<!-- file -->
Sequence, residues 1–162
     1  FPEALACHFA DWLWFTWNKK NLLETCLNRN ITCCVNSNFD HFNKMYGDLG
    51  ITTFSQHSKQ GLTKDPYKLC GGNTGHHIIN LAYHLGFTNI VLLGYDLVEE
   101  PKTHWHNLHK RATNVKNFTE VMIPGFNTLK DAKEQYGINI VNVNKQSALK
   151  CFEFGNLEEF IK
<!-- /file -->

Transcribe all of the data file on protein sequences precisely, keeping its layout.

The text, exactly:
Sequence, residues 1–162
     1  FPEALACHFA DWLWFTWNKK NLLETCLNRN ITCCVNSNFD HFNKMYGDLG
    51  ITTFSQHSKQ GLTKDPYKLC GGNTGHHIIN LAYHLGFTNI VLLGYDLVEE
   101  PKTHWHNLHK RATNVKNFTE VMIPGFNTLK DAKEQYGINI VNVNKQSALK
   151  CFEFGNLEEF IK